Pork liver slices, stir-fried with onions or in soups, is another hawker food (blue collar food). Pork blood soup is at least 1000 years old, when Chinese restaurants and eateries became popular. Pork blood soup and dumplings were recorded as food for night laborers. These offal items are very well cleaned. The pork intestines' tough inner skin is completely removed. Then, the intestine is soaked, cleaned and rinsed. Pork kidneys are cleaned inside-out, and the kidneys are soaked for several hours and cleaned.
Traditional Chinese medicines are a combination of Toaist and rural folk beliefs. The essences and energy, heat and cold, are key. Snake blood wine with a live heart is thought to promote stamina...a snake's attributes, such as aggressive behavior (fiery) and venom (energy). Bear claws and dried bear offal were used as as a source of vitality. Dry deer antlers is still a common medicine ... providing "the essences of heat energy" to cure illnesses such as influenza and coughing. Pork brains were consumed and thought to promote intelligence.
The Cantonese and Vietnamese consumed monkey brains, but this is now rare to non-existent, and is now primarily offered to rich, Western tourists, lol. Strange items are more associated in Southeast Asia, where the use of exotic items captured Westerner's imagination, from colonialism up to the Vietnam War, and is still a target of interest for adventure-seeking Western (goofy) tourists.
The Chinese mainland contains primarily more basic use of offal that is comparable to European usage. Beef tripe is used as a cold appetizer mixed with soy sauce, sesame oil, chilies and other spices. Spanish, Portuguese (tripa a moda of Porto) and Eastern Europeans are some examples of European cultures where offal consumption is more common.
In Korea, offal usage is very similar to mainland China but less frequent. Grilled intestine slices and pork blood are consumed. Korea traditional medicine focuses more on simple, herbaceous materials and plants, such as ginseng, jujube (jujubes?) and ginger.
Pig's organ soup is a common feature of hawker of food centres in Singapore.
Goat's organs are very popular for soups, in Indonesia, . Almost all of the parts are eaten.
In Japan chicken offal is often skewered and grilled over charcoal as yakitori. Japanese culture mostly disdains offal use from large animals, from traditional Japanese preference for cleanliness (Shinto purity beliefs). During the Sino-Japanese War, Japanese troops took pigs from Chinese farmers and slaughtered the animals only for the major muscles (no head, feet and fully disemboweled).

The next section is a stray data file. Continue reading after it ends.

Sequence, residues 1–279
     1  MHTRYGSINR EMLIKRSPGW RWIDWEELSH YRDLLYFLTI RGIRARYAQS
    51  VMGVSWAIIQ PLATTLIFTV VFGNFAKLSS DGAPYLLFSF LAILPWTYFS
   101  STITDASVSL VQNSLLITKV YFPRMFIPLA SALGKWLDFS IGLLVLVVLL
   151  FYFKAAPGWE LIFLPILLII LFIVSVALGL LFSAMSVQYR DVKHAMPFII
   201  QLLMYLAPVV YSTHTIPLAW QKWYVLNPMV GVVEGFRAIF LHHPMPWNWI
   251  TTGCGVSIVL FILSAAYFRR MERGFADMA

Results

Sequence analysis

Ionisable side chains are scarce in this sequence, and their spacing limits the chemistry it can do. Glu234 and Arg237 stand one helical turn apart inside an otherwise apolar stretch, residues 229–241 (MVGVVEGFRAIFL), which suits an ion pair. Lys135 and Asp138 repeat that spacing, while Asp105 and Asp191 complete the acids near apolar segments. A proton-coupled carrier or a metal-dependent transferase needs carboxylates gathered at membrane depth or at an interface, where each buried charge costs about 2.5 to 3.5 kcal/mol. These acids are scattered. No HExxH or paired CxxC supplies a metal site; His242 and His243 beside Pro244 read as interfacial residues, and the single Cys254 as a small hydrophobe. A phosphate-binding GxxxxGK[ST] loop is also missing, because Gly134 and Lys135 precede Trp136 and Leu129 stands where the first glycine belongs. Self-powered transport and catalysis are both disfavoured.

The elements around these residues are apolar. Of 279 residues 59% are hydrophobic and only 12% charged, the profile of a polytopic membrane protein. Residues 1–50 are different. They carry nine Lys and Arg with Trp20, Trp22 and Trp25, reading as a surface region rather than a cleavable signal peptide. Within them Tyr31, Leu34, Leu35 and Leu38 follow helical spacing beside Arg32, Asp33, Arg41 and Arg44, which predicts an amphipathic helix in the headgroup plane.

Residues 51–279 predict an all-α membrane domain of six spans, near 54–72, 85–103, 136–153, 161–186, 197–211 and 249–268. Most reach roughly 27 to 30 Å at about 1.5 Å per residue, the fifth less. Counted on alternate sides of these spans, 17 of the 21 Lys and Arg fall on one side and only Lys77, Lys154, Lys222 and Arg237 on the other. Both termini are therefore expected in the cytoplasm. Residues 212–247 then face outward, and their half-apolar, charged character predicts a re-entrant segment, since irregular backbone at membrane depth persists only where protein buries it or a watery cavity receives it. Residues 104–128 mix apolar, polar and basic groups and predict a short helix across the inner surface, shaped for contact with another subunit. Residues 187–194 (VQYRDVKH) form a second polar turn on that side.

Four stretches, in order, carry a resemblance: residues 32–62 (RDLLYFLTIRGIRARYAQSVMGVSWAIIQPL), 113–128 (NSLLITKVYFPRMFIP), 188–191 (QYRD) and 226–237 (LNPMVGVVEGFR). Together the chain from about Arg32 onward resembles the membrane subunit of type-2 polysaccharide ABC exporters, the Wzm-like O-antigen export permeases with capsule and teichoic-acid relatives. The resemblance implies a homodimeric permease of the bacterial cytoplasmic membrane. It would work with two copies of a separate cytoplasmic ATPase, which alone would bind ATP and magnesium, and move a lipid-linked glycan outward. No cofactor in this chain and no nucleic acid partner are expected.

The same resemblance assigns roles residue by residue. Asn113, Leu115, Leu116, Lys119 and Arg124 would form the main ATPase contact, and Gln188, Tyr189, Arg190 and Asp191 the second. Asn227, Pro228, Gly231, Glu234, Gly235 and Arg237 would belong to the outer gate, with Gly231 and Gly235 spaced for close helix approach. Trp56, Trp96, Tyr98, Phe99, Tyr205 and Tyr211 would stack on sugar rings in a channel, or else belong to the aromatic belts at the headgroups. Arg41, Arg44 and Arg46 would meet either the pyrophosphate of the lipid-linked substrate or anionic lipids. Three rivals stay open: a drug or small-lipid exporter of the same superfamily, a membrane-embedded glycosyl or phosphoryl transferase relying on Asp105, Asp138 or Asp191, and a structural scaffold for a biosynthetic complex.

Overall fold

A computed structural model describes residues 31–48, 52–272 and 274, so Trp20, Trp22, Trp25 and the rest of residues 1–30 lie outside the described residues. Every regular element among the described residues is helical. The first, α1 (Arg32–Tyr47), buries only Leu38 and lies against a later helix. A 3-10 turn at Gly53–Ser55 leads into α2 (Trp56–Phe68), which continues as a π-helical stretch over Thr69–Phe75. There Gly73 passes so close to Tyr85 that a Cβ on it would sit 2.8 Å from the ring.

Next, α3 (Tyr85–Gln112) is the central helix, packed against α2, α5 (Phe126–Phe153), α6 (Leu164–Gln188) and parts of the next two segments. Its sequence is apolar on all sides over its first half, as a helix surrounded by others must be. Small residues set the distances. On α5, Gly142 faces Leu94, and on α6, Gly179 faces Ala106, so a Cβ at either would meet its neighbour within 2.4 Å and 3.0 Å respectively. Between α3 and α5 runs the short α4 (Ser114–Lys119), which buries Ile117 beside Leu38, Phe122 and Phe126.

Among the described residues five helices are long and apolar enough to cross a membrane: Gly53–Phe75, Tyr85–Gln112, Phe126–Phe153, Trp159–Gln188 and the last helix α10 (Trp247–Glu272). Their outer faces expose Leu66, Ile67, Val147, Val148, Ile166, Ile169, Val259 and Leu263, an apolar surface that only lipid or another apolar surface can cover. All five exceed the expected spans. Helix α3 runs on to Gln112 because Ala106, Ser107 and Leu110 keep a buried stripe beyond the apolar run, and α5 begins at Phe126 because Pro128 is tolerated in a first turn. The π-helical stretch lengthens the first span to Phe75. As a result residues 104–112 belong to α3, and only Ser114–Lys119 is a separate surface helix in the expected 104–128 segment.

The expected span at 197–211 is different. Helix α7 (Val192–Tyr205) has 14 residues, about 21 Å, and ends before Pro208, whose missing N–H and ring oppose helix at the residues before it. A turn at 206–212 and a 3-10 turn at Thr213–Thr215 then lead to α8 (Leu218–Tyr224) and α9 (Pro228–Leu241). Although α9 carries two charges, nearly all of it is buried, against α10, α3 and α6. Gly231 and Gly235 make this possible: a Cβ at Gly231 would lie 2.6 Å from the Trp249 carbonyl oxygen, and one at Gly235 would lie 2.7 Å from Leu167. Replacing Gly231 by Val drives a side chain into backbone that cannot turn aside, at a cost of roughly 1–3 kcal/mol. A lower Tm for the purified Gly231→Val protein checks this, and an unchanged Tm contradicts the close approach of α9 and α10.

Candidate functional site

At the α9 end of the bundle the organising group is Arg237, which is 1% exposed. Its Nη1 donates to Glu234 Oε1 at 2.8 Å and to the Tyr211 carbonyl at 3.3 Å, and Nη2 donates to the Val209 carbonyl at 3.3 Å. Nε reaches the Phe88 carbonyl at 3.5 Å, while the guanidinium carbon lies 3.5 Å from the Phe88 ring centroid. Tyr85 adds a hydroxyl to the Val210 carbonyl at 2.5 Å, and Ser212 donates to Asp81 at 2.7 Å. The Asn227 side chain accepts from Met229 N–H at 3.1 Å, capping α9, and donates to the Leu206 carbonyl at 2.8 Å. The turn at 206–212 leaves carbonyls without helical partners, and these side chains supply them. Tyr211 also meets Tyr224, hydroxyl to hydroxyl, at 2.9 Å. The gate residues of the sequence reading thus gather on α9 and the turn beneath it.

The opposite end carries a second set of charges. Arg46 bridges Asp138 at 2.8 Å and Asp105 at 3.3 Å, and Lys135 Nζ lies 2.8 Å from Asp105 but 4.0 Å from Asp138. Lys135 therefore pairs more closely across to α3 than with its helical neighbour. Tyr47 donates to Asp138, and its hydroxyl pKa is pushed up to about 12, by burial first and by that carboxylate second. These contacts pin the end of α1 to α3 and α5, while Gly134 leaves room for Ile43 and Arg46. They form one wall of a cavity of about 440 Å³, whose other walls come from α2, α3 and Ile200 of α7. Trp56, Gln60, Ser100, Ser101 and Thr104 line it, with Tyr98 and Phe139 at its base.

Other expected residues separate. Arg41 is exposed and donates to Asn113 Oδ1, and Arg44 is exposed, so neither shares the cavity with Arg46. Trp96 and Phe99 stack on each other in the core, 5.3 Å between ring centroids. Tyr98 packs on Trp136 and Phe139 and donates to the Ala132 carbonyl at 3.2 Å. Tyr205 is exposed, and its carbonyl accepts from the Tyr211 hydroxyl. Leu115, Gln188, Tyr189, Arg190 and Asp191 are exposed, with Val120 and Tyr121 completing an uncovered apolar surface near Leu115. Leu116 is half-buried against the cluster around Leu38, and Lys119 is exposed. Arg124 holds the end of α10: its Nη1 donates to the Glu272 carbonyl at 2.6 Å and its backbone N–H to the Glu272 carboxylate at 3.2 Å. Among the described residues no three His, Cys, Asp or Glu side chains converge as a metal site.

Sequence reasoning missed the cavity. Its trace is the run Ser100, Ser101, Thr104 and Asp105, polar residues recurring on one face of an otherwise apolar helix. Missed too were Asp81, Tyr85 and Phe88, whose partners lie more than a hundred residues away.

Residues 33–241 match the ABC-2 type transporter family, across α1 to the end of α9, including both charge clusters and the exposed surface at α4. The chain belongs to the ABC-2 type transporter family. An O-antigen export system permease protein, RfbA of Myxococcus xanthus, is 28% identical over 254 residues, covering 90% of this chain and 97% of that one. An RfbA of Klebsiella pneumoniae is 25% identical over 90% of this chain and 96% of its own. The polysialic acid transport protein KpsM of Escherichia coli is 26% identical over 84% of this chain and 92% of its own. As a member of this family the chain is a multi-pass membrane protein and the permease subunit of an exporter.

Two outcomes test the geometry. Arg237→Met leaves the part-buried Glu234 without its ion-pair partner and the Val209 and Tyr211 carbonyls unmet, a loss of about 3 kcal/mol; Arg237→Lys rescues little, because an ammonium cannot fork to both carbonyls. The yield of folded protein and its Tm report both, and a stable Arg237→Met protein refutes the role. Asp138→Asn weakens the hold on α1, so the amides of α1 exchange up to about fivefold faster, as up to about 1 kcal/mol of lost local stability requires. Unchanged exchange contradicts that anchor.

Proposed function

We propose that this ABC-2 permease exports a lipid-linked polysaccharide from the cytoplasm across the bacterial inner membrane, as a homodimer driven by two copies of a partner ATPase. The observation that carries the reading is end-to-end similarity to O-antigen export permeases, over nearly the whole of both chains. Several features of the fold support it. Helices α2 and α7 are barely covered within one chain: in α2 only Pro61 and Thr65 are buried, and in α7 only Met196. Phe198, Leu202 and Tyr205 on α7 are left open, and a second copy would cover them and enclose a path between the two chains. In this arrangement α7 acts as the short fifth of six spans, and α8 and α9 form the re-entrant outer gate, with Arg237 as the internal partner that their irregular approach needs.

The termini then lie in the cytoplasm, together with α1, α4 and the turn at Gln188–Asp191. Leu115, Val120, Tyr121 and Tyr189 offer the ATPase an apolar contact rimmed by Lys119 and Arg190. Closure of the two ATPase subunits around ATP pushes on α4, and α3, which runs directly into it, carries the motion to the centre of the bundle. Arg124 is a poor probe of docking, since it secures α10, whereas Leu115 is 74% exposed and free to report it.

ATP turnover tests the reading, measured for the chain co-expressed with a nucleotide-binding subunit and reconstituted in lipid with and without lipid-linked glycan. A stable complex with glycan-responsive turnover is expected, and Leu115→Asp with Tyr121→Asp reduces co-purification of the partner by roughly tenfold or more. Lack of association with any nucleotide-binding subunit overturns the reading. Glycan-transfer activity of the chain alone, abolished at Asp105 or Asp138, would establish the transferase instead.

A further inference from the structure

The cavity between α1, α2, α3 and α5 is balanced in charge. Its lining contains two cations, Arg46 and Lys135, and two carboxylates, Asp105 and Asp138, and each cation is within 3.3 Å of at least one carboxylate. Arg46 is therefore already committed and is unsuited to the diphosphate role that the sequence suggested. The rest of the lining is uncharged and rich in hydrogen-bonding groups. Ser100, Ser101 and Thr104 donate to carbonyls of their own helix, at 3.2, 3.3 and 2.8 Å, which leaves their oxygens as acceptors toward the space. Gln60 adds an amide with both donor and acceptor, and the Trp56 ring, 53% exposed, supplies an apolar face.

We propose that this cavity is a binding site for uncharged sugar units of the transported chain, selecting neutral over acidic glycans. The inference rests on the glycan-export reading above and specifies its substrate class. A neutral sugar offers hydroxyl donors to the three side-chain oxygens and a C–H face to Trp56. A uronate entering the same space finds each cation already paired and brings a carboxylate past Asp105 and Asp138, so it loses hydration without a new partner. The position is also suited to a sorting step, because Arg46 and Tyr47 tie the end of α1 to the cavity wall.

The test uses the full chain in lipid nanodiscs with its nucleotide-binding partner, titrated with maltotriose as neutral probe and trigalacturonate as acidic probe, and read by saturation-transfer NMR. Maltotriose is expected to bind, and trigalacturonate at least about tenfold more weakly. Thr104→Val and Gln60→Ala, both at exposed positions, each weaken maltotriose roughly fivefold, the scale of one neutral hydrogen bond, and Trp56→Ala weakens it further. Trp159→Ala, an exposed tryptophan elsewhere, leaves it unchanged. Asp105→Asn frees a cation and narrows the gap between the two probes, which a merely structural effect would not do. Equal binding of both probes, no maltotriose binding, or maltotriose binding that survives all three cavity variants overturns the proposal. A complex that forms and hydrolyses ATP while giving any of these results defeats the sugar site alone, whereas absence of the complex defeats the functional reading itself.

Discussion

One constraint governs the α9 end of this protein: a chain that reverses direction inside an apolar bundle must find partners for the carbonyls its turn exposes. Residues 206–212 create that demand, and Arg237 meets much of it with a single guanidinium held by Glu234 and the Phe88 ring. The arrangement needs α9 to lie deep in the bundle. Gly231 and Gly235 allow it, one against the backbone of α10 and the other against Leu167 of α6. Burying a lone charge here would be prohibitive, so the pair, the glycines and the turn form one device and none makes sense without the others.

Japanese prefer to consume seafood offal, since seafood is considered to be much more sanitary and pure, as salt and water are considered pure.
In the Philippines, people eat almost every part of the pig. Dinuguan is a blood sausage, or blood-stew, made using pig intestines and sometimes ears, usually with a vinegar base, and green chili peppers. Bopis is a spicy Filipino dish made out of pork lungs and heart sautéed in tomatoes, chilies and onions.
In India and Pakistan, goat's brains, feet, heads, stomachs, tongues, livers, kidneys, udders and testicles... as well as chickens' heart and liver are enjoyed. One popular dish, Kata-Kat, is a combination of spices, brains, liver, kidneys and other organs.
In the state of Karnataka in southern India, a strong-smelling dish called rakhti, made of heavily spiced porcine offal and cartilaginous tissue, is considered a homely indulgence by the local Christian community (observant Muslims avoid pork products).
In Bangladesh, a goat's brains, feet, heads, stomach skins, tongues livers, kidney and testicles are delicacies. Chickens' heart and liver are also enjoyed.
In Nepal, a goat's brains, feet, heads, stomach skins, tongues, livers, kidneys, lungs, fried intestines, fried solidified bloodd and to a lesser extent testicles are considered delicacies and are in very high demand, when families gather. Chickens' heart and liver are also enjoyed butchicken gizzards are truly prized.
In Lebanon, lamb brain is used in some dishes and also as a sandwich filling.. Another popular dish is rice-stuffed sheep intestine.
In Iran, sheep liver, heart and kidneys are used as kebabs and have a high popularity among people, as well as sheep intestines and stomach, though the latter is boiled. Sheep brains and tongue, along side shins, as a type of breakfast, are boiled in water and eaten with traditional bread.
Yes, the USA:
In the United States, the giblets of chickens, turkeys and ducks are much more commonly consumed than the organs of mammals, except for the liver, which is quite commonly eaten by people. Ground chicken livers, mixed with chicken fat and onions, called chopped liver, is a popular staple with American Jews.
In some parts of the country the euphemism "variety meats" is used for mammal organ meat. It is illegal to sell lungs (or lights) for food in the United States, although some ethnic groups have traditional dishes made from them (such as lungen stew among American Jews.)
Mammal offal is somewhat more popular in the American South, where some recipes include chitterlings, chicken gizzards and livers, and hog maw. Scrapple, sometimes made from pork offal, is somewhat common in the Northeast US.
Fried-brain sandwiches are a specialty in the Ohio River valley. Traditional recipes for turkey gravy typically include the bird's giblets. Rocky Mountain oysters are a delicacy eaten in some cattle-raising parts of the western US and Canada.
In Australia, offal is most commonly consumed in meat pies, or in ethnic dishes. Food regulations since 2003 have lifted the prohibition of offal in the meat standard, which had previously specifically banned things such as snout, genital organs, lips, lungs and scalp. These may now be added to foods, but must be named specifically in the ingredients list (not just as "offal"). The food standard also allows meat pies to contain snouts, ears, tongue roots, tendons and blood vessels without specific labeling.